There are many bizarre foods out there, from scorpion kebabs to steamed silkworm pupae. But of all the weird foods, my personal strangest hails from Korea. Living in the country for 3 years, I came across many oddities. Although some, like beondegi (번데기), definitely took some time - and a lot of courage - I was usually keen on trying most of them.
A few I tried for the novelty (sea urchin, pictured to the right), a few on accident (chicken rectum), and a few were intentional, not to mention delicious (deep fried tentacle anyone?).
The weirdest of the weird, though? Sannakji.
Sannakji (산낙지) is raw baby octopus. Although it is often referred to as “live octopus,” the octopus is not actually alive. It is, however, VERY fresh. So fresh it is still moving. The octopus is prepared, sometimes right at your table, by removing it live from its water, and simply cutting off limbs.
Usually served with sliced cucumbers and a sprinkle of salt, the tentacles will squirm independently for a good 20-30 minutes. Wriggling on your plate, you are meant to pick it up with your chop sticks, dip it in some sesame oil, and slurp it down. But don't forget to chew - sannakji actually kills a handful of people every year! If you don't chew it up quickly enough, it can suction to your throat and suffocate you (karma?).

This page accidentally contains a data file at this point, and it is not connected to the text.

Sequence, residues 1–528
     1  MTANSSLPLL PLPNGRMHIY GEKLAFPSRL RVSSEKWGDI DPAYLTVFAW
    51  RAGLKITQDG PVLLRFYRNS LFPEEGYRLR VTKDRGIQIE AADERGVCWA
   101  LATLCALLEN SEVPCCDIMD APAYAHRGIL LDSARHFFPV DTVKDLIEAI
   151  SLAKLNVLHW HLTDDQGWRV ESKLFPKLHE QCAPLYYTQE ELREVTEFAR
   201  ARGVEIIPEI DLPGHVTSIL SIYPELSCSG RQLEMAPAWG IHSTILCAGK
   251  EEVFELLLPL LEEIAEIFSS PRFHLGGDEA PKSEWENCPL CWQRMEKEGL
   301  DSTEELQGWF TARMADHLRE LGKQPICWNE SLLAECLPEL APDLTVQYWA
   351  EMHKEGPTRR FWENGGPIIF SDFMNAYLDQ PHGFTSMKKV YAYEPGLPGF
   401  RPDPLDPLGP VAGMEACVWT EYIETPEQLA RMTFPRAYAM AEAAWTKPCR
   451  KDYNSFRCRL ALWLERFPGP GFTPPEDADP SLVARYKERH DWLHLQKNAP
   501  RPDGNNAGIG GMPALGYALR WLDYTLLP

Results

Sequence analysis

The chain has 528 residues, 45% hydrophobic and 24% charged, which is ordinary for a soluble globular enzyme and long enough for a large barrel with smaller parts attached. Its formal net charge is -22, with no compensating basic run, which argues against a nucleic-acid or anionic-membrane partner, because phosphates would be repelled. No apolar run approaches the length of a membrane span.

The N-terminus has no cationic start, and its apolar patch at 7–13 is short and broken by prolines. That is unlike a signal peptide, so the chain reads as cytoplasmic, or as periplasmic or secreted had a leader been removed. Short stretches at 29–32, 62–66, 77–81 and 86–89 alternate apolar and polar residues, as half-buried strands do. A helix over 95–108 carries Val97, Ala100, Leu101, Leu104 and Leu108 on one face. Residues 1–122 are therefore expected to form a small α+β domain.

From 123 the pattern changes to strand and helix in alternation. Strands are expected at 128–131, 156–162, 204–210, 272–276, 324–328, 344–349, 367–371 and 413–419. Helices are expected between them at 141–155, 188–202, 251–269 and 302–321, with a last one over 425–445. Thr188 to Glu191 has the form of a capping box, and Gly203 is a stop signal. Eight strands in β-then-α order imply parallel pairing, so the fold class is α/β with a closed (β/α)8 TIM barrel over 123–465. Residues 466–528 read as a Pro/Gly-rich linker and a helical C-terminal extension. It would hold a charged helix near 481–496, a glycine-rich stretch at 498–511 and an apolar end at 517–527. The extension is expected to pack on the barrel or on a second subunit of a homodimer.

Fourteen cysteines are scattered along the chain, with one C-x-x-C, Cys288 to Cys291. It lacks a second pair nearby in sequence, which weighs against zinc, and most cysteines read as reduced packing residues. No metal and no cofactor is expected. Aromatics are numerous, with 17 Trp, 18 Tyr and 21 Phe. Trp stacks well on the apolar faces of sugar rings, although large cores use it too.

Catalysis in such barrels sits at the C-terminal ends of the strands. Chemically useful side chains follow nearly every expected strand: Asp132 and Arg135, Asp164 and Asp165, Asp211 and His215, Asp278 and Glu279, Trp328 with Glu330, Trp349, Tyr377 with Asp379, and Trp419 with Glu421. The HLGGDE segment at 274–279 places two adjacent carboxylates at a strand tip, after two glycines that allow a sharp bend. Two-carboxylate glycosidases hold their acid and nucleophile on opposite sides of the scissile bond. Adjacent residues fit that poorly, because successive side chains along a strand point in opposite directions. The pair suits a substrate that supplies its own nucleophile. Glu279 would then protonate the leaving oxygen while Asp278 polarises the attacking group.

So how does it taste?
Actually? Delicious! I love seafood, and have
never been afraid of a tentacle. My first time trying sannakji (yes, I did this more than once!), I also tried a number of other sea critters that we ordered straight from their aquariums - many of which I could not name, or even identify! If you have ever eaten calamari, that would probably be the closest comparison I could make as far as taste goes. But hopefully your calamari doesn't go crawling off your plate!
So if you typically like your cow “still mooing,” maybe you could try your hand at sannakji next time instead.
If you liked this, check out this article I wrote for Matador Network:
Or the bizarre foods I try from around the world on my YouTube channel: